Glyphosate Facts

Transparency on safety aspects and use of glyphosate-containing herbicides in Europe


Statement of the GTF on the recent IARC decision concerning glyphosate

Evaluations carried out by regulatory authorities across the world for over forty years have all confirmed that glyphosate poses no unacceptable risk to humans, animals or the environment.

The Glyphosate Task Force (GTF) therefore does not accept the recent classification of glyphosate by the International Agency for Research on Cancer (IARC) as a Group 2A carcinogen. The evaluation which has produced this outcome demonstrates serious deficiencies in terms of methodological approach and the overall conclusion is inconsistent with the results of all regulatory reviews concerning glyphosate’s safety profile.

© Glyphosate Task Force It is important to note that the recent Review Assessment Report generated in the context of the on-going EU review for the renewal of approval of glyphosate found that “no evidence of carcinogenity was obtained” in the studies reviewed. All studies reviewed by IARC were taken into account in the assessment conducted by the German Authorities on behalf of the European Commission.

The decision reached by IARC only took into account a selection of publicly available information and was therefore made without the benefit of analysing the extensive data base on glyphosate already evaluated by the regulatory authorities of OECD countries. Most peer reviewed literature and other publicly available information such as the evaluations, opinions and conclusions of regulatory competent authorities were also dismissed by IARC. 

The studies not included in the IARC evaluation were generated using validated test methods in laboratories subjected to regular audit procedures, as prescribed by regulatory authorities and are of the highest quality. They provide clear evidence that glyphosate does not have genotoxic or carcinogenic properties.On reviewing all of this available data, both published and unpublished, regulatory authorities have consistently concluded that glyphosate does not cause cancer in either animals or humans.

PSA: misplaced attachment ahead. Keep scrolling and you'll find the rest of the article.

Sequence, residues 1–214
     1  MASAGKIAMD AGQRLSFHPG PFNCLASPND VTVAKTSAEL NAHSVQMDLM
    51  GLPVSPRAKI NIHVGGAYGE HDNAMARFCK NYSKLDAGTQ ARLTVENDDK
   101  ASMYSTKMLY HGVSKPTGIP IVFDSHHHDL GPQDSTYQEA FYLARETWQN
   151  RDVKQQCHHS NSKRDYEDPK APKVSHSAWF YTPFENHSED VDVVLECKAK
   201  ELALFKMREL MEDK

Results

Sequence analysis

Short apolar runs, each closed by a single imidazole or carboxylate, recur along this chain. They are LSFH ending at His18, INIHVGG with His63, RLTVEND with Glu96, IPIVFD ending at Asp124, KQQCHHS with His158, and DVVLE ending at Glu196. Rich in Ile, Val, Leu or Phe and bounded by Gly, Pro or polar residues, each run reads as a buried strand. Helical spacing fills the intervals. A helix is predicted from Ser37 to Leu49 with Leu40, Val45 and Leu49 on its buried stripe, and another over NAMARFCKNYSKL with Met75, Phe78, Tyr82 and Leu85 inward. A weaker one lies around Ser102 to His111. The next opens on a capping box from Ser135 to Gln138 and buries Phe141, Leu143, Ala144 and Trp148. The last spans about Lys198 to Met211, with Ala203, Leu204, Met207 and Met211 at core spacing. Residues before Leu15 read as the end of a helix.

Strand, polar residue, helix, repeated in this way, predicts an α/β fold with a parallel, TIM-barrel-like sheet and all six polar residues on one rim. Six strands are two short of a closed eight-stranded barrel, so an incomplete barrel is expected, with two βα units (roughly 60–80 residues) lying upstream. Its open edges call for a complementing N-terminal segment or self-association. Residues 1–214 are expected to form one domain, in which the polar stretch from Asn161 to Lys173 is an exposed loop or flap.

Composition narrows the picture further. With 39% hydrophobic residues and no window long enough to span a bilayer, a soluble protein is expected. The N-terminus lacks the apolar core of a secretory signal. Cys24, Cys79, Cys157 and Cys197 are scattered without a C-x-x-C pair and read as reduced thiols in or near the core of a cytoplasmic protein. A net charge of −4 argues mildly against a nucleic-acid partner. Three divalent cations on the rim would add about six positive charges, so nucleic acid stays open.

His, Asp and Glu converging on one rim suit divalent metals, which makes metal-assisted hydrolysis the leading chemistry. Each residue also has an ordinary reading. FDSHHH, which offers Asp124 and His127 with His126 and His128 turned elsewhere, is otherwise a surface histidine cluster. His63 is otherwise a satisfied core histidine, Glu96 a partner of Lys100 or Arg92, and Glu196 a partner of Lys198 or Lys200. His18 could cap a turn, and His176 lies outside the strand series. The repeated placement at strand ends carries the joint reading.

EFSA's  Conclusions on the dossier submitted by the Glyphosate Task Force (in the context of the EU review of approval for active substances) along with the Updated Assessment Report, and EFSA peer review documentation is expected to be published by EFSA on its website later this year and therefore will be available for review by IARC.

The Glyphosate Task Force believes that IARC should withdraw the decision and take this information into account before finalising its monograph on glyphosate.

You can download a Dutch version of the statement here: Statement van de GTF over de recente beslissing van het IARC betreffende glyfosaat

Further information:

• Statement by the Federal Institute for Risk Assessment (BfR) on the IARC evaluation: Does glyphosate cause cancer?

• Remarks by Maria Flachsbarth, German Parliamentary State Secretary for the German Federal Minister for Food and Agriculture to the German Bundestag on March 25, 2015: "…I’d like to call your attention to the fact that regarding potential carcinogenic properties, the opinion of the BfR is confirmed by the evaluations of the European Food Safety Authority (EFSA), the European Chemical Evaluations Agency (ECHA), the Joint Meeting on Pesticide Residues (JMPR), the World Health Organisation (WHO), the Food and Agriculture Organisation (FAO) of the United Nations as well as the national regulatory authorities in, for example, Australia, the U.S. and Brazil. It is not yet clear why an organization of the WHO, the above-mentioned IARC, came to a conclusion that is completely contrary to that of the JMPR. […] At the moment there is no acute need for a ban."  You can read the full response (in German) by Dr. Flachsbarth here.

• Statement by "Health Canada" on the IARC classification: "The herbicide glyphosate and the insecticides malathion and diazinon were classified as probably carcinogenic to humans. [...]  It is important to note that these hazard classifications are not health risk assessments. The levels of human exposure, which determine the actual risk, were not taken into account. Pesticides are registered for use in Canada only if the level of exposure to Canadians does not cause any harmful effects, including cancer." Read the full statement here.


More information on the conclusions of the draft re-evaluation report on glyphosate: “In epidemiological studies in humans, there was no evidence of carcinogenicity and there were no effects on fertility, reproduction and development of neurotoxicity that might be attributed to glyphosate.” Glyphosate Renewal Assessment Report, Germany, Rapporteur Member State for the European Renewal of Approval for Glyphosate (2014).

See also: "Re-evaluation of glyphosate: German authorities confirm previous evaluations" 


Last update: 26 May 2015